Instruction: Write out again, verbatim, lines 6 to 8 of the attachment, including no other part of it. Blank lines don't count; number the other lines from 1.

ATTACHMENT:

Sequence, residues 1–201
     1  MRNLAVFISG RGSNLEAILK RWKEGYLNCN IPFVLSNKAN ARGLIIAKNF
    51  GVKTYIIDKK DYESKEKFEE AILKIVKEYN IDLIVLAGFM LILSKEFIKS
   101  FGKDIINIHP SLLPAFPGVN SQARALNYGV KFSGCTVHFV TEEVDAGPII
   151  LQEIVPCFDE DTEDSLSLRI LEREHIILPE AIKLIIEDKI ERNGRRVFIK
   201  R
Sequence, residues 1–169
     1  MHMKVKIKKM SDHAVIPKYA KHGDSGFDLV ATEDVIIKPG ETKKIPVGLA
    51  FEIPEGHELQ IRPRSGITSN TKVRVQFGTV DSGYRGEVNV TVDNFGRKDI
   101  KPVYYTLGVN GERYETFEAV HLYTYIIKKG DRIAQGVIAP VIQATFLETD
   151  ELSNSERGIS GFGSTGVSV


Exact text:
   201  R
Sequence, residues 1–169
     1  MHMKVKIKKM SDHAVIPKYA KHGDSGFDLV ATEDVIIKPG ETKKIPVGLA